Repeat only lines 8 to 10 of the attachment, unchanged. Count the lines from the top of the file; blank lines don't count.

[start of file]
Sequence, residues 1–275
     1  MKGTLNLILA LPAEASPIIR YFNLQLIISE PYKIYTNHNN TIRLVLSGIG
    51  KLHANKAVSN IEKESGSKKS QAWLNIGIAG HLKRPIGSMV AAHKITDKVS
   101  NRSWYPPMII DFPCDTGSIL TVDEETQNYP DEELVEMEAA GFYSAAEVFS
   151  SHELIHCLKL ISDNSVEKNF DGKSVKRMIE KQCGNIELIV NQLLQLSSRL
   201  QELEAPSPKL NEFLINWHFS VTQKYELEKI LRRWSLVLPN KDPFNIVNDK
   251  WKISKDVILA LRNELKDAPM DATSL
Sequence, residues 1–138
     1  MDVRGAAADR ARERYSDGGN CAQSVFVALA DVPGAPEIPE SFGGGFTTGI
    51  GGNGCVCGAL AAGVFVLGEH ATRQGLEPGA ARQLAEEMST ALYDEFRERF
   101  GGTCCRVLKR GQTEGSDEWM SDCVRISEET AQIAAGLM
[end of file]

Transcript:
Sequence, residues 1–138
     1  MDVRGAAADR ARERYSDGGN CAQSVFVALA DVPGAPEIPE SFGGGFTTGI
    51  GGNGCVCGAL AAGVFVLGEH ATRQGLEPGA ARQLAEEMST ALYDEFRERF